Overcoming societal norms, lack of education and the paralysing burden of poverty they’re building a better life.
Meet a group of women who’re freeing masonry — traditionally a male bastion — from the pincer grip of gender-based exclusion through sheer perseverance.
The pioneer of lady ‘mistris’ is Muli Bai, who learned the basics while working as a casual labourer at construction sites. Together with her husband, also a mason, she started taking up small jobs. All went well for a while but things began to fall apart after her husband suffered a paralytic stroke.
Realising that she lacked knowledge of certain technical aspects, she enrolled in training sessions organised by NGO Bhartiya Grameen Mahila Sangha (BGMS) for the Slum Environment and Sanitation Initiative (SESI).
“We needed construction workers so we decided to train women in order to provide them with a source of livelihood,” said Ashay Aren, capacity building officer, BGMS.
So impressed was the NGO with Muli Bai’s zeal that it decided to appoint her for construction of private latrines being built under SESI. She was also roped in to train others, including men, as masons.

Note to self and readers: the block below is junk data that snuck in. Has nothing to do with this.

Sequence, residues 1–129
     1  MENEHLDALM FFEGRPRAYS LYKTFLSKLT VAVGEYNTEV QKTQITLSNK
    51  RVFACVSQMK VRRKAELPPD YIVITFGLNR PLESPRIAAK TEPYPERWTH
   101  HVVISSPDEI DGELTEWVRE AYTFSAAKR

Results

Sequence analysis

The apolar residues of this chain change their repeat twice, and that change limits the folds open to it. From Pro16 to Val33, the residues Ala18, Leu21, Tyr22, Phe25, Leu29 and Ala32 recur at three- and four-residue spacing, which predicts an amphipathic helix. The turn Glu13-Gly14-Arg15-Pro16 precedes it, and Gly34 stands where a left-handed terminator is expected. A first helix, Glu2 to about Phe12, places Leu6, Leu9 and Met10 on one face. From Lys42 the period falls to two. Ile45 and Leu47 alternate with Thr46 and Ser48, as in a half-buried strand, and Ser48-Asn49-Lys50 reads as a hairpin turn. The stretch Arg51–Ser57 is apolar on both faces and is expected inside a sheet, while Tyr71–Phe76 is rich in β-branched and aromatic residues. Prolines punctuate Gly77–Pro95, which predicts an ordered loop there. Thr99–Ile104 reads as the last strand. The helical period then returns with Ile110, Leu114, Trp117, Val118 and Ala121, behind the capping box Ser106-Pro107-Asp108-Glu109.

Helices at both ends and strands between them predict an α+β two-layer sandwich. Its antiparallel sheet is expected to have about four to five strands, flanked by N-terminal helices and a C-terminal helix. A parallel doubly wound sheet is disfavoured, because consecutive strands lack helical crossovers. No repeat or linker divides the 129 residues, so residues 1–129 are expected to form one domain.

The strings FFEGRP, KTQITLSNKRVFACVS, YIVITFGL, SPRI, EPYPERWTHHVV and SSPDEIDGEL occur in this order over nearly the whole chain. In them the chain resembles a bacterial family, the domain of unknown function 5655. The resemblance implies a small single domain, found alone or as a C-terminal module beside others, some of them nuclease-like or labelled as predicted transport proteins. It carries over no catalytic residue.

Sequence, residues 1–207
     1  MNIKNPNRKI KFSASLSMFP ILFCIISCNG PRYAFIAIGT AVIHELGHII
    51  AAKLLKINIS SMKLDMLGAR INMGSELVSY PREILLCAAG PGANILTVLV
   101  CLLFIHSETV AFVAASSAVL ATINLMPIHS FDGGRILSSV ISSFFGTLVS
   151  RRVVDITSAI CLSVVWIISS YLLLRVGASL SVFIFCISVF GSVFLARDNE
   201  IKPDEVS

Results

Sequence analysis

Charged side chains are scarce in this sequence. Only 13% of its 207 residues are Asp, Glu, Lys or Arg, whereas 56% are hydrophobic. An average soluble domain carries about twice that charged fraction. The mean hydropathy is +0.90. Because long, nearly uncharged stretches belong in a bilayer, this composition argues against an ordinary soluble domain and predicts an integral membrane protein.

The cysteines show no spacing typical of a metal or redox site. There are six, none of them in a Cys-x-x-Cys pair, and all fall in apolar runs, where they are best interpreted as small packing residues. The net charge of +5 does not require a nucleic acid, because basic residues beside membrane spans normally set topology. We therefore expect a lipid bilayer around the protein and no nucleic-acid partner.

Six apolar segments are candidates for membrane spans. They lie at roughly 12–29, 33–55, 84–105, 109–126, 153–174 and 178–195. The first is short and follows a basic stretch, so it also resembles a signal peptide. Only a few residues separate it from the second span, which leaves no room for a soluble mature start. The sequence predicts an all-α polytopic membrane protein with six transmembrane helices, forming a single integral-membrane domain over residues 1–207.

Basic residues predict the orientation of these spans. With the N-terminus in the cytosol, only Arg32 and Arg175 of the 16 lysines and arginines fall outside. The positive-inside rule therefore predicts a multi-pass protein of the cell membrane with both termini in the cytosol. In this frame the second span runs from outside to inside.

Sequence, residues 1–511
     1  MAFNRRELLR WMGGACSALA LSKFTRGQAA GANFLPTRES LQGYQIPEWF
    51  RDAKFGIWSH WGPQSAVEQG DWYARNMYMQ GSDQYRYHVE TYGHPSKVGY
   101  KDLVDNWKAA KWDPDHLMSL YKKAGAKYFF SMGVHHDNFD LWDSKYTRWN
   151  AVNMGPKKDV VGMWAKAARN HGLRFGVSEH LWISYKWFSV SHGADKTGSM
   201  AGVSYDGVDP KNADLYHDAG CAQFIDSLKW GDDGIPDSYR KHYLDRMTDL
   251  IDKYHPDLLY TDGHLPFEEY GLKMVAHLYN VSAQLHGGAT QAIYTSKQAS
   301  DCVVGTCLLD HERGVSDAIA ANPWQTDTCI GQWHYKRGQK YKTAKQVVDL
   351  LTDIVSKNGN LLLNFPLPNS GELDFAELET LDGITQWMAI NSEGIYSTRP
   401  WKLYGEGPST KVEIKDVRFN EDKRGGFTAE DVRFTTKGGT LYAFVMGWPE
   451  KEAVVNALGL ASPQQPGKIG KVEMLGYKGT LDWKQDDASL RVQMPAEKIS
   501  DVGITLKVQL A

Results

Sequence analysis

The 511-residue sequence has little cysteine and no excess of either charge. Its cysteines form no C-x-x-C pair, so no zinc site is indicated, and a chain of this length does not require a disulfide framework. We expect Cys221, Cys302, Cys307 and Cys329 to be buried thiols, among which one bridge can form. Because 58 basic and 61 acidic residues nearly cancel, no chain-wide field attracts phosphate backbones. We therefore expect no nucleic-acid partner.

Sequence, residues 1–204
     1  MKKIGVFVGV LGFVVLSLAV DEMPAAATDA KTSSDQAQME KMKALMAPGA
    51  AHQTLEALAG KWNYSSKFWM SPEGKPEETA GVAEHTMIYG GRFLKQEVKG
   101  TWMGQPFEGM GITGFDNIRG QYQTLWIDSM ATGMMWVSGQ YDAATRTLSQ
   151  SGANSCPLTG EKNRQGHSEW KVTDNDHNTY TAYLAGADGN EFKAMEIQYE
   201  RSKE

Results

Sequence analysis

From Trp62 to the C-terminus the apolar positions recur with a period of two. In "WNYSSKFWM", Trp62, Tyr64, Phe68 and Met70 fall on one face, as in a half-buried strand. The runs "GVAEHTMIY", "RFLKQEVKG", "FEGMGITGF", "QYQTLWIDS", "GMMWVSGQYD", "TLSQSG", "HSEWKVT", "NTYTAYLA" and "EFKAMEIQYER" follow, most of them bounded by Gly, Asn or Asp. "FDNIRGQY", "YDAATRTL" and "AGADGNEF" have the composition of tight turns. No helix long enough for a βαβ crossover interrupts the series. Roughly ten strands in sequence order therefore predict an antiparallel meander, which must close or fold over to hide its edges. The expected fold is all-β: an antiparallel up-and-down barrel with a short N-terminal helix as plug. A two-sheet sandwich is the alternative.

Today, Muli Bai has graduated to taking independent contracts for renovation, plastering etc.
Then there’s Sangita Bhabor, another BGMS training session alumni who now works as a private contractor.
“I first built a demo toilet for Area Improvement Fund, one of the components of Project Uday — a water supply and environmental improvement programme,” she told HT.
“I later applied for and got the contract for building 160 toilets at Bhil Paltan, Moosakhedi (the locality where she lives),” reveals Bhabor. “When I started working as a beldar (unskilled labourers who carry material) we used to get Rs 90 as a day’s wages plus `10 for conveyance. Today, the rates have gone up substantially,” she added.
The money however, is much less than what a mason takes home. “The going rate for a ‘mistri is Rs 400 per day.” The hike appears impressive but there is a galling discrepancy. “Lady masons only get Rs 350,” says Bhabor.
Standing nearby, her neighbour Jodha Bai nods. She, too, worked as a mason until a few years ago when an injury forced her to stop.
“There are many others (masons) but it is very difficult to get hold of them during the day as they’re all at the sites,” said Bhabor. Regardless of the lady masons’ numbers, one thing is clear that each new addition to their ranks is another brick in the (falling) wall of gender-based exclusion.